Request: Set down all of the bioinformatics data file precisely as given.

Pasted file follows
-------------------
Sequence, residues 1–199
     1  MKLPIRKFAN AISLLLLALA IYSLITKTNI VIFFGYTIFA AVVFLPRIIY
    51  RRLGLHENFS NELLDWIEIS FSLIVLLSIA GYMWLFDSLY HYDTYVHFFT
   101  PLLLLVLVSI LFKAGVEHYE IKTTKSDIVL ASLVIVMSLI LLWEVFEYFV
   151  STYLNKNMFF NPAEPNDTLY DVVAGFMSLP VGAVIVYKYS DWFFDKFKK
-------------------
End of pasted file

Sequence, residues 1–199
     1  MKLPIRKFAN AISLLLLALA IYSLITKTNI VIFFGYTIFA AVVFLPRIIY
    51  RRLGLHENFS NELLDWIEIS FSLIVLLSIA GYMWLFDSLY HYDTYVHFFT
   101  PLLLLVLVSI LFKAGVEHYE IKTTKSDIVL ASLVIVMSLI LLWEVFEYFV
   151  STYLNKNMFF NPAEPNDTLY DVVAGFMSLP VGAVIVYKYS DWFFDKFKK